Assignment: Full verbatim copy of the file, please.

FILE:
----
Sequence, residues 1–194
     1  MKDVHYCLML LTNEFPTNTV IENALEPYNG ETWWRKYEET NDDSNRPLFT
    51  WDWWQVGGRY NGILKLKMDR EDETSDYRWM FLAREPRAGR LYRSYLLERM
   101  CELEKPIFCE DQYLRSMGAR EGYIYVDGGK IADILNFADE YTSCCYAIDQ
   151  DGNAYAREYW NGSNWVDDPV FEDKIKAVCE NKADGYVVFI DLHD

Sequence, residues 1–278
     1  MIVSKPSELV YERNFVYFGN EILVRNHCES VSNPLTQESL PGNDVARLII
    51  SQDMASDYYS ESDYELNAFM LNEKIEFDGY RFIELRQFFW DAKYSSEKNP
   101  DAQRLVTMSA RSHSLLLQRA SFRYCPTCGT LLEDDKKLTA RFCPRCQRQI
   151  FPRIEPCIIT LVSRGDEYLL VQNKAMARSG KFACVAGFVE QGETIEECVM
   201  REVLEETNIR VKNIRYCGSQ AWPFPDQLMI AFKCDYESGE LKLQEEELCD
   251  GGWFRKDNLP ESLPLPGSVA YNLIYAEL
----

Sequence, residues 1–194
     1  MKDVHYCLML LTNEFPTNTV IENALEPYNG ETWWRKYEET NDDSNRPLFT
    51  WDWWQVGGRY NGILKLKMDR EDETSDYRWM FLAREPRAGR LYRSYLLERM
   101  CELEKPIFCE DQYLRSMGAR EGYIYVDGGK IADILNFADE YTSCCYAIDQ
   151  DGNAYAREYW NGSNWVDDPV FEDKIKAVCE NKADGYVVFI DLHD

Sequence, residues 1–278
     1  MIVSKPSELV YERNFVYFGN EILVRNHCES VSNPLTQESL PGNDVARLII
    51  SQDMASDYYS ESDYELNAFM LNEKIEFDGY RFIELRQFFW DAKYSSEKNP
   101  DAQRLVTMSA RSHSLLLQRA SFRYCPTCGT LLEDDKKLTA RFCPRCQRQI
   151  FPRIEPCIIT LVSRGDEYLL VQNKAMARSG KFACVAGFVE QGETIEECVM
   201  REVLEETNIR VKNIRYCGSQ AWPFPDQLMI AFKCDYESGE LKLQEEELCD
   251  GGWFRKDNLP ESLPLPGSVA YNLIYAEL